Both the European Bank for Reconstruction and Development (EBRD) and the International Finance Corporation (IFC) have disclosed that they are considering providing loans to a 250 MW wind project in Egypt. The project is owned by Lekela Power and has an estimated total cost of US$325 million.
Located in the Gulf of Suez, approximately 30km north-west of Ras Ghareb, the project involves the installation of 73 3.6 MW turbines and supporting infrastructure in a wider 284km2 area demarcated for private sector wind power projects. Turbine supplier Senvion will be the Engineering, Procurement and Construction and the equipment Operations and Maintenance contractor.
The wind farm is expected to generate an average of 1120 GWh annually, which will be sold to the Egyptian Electricity Transmission Company (EETC) under a 20-year Power Purchase Agreement (PPA).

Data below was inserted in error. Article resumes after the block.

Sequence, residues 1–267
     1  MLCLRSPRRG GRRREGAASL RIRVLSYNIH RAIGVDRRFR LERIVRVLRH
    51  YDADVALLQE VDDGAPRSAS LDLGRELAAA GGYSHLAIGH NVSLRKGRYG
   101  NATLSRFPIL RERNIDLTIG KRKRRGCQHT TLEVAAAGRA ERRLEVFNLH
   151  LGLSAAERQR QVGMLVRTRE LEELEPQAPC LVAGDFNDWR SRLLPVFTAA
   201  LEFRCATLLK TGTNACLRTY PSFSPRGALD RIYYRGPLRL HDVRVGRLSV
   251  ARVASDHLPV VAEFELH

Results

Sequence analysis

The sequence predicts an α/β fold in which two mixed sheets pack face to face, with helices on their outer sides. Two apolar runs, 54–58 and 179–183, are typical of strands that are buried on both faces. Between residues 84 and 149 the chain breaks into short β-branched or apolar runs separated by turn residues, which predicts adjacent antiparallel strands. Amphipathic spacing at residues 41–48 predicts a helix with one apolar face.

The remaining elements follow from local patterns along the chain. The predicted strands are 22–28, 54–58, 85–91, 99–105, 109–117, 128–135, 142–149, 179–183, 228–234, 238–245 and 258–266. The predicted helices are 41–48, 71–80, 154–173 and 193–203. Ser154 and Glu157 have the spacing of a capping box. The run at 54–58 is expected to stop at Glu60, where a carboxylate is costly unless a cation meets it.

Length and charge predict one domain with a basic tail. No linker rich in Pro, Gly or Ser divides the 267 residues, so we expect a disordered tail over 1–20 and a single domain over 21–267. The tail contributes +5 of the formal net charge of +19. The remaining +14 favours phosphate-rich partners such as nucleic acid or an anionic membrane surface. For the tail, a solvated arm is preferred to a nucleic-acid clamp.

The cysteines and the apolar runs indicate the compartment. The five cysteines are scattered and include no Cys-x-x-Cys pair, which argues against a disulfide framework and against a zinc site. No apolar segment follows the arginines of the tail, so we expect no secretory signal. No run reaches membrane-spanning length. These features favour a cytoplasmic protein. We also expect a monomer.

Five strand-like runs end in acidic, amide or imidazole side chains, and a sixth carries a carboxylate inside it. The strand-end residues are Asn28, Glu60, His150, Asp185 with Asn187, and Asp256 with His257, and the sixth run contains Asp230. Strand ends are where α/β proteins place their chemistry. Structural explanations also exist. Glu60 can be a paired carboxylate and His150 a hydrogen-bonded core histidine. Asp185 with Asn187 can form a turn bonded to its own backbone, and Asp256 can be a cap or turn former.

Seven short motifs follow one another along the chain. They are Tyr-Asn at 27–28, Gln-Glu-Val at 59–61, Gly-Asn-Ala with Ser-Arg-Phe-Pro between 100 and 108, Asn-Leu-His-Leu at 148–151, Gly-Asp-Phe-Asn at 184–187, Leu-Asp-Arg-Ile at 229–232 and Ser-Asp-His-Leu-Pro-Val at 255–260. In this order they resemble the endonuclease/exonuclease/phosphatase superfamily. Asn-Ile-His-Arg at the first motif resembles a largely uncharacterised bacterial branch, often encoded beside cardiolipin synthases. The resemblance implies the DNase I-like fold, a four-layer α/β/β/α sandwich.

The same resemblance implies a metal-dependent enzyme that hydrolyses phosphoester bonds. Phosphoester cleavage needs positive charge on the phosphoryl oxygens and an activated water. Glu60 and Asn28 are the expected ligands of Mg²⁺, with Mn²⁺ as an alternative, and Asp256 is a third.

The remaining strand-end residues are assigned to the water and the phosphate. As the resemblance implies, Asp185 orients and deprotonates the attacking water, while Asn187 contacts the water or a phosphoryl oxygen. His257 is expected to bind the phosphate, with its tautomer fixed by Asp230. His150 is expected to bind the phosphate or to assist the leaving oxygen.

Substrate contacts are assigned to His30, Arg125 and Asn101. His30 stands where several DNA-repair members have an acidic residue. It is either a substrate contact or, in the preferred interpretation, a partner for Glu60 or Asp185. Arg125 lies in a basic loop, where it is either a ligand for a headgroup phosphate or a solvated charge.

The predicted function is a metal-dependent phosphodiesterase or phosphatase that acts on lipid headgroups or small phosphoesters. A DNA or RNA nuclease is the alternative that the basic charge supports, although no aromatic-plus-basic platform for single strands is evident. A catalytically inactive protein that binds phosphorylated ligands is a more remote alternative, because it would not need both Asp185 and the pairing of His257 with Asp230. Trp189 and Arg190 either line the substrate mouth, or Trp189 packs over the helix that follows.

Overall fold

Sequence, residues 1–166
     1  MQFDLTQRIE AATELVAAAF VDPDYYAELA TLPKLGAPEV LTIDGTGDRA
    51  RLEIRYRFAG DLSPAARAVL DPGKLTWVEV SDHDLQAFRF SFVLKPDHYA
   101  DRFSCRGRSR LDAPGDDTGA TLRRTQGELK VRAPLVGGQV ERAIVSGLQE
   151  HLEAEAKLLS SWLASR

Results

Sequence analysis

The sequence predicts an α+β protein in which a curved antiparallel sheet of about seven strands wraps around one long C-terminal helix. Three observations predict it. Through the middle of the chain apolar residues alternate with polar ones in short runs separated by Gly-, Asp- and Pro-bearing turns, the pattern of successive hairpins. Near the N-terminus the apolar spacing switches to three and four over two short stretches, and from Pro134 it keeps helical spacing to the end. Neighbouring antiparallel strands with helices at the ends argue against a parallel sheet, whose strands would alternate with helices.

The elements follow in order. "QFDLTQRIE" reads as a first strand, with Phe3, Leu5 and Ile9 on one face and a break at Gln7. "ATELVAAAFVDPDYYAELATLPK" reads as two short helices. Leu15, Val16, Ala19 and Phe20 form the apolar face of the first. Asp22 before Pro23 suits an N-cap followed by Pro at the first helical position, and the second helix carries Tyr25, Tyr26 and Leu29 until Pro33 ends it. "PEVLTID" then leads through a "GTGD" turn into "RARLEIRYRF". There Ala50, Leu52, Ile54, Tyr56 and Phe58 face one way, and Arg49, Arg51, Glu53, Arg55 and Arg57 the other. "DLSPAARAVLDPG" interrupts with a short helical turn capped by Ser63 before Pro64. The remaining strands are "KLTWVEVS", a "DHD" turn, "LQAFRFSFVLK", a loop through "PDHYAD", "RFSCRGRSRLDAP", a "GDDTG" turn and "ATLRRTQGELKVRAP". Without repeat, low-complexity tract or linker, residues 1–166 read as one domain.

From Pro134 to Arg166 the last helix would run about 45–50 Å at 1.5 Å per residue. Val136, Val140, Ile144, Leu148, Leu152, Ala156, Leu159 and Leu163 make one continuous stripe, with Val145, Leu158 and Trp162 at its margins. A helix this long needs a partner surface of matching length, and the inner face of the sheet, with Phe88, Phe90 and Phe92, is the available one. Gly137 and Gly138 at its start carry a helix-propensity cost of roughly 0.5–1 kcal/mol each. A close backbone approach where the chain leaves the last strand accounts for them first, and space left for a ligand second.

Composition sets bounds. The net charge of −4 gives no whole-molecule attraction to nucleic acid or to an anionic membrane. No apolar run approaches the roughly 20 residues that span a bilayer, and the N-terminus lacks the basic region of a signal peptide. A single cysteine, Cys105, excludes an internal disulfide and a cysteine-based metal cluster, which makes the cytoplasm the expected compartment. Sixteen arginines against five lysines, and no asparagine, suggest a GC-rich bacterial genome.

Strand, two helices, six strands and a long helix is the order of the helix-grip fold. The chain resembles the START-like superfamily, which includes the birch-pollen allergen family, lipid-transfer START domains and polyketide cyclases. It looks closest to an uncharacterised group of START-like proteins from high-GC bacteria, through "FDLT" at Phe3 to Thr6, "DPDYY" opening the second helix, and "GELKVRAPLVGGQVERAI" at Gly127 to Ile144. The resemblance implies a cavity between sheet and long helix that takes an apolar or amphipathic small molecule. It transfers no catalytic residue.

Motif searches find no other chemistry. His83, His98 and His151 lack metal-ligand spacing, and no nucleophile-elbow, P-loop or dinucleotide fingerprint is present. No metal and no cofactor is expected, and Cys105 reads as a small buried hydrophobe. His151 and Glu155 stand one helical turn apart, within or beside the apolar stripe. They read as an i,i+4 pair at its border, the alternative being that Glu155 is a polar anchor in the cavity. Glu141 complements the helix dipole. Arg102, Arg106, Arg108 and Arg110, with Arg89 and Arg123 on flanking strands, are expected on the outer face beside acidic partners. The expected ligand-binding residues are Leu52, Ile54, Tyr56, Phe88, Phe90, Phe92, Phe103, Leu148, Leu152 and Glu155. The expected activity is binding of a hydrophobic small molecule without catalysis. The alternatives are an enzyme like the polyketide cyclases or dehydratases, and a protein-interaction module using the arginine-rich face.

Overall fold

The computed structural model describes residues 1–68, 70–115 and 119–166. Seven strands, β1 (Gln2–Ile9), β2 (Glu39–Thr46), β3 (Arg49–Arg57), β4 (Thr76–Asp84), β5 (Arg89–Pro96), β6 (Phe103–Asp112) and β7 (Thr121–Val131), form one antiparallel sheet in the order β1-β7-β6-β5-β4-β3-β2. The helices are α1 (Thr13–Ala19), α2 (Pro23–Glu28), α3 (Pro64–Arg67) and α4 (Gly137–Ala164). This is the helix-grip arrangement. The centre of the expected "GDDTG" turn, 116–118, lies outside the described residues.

The EBRD is considering a senior secured loan of up to US$81 million, while the IFC's investment is expected to consist of an A loan of c. US$25 million and mobilization provided under IFC’s Managed Co-Lending Portfolio Program (MCPP) of c. US$57 million. This financing is scheduled to be considered by the respective Boards of the institutions on 17 and 10 January 2019.
Remaining debt financing will be provided by the Overseas Private Investment Corporation (OPIC), the US government's development finance institution.
Construction of the wind farm is expected to begin in March 2019, with operations to commence two years later.
A consortium comprised of Egyptian firm Orascom Construction Ltd, French utility Engie and Japan’s Toyota Tsusho Corp is currently constructing another 250 MW wind farm in the Ras Ghareb area. The project reached financial close in December 2017 with the support of the Japan Bank for International Corporation (JBIC), Sumitomo Mitsui Banking Corp, Societe Generale, Commercial International Bank (CIB) Egypt and Attijariwafa Bank.
Both wind projects were tendered as Build-Own-Operate (BOO) schemes as part of the Egyptian government's aim to install 7 GW of wind power by 2022.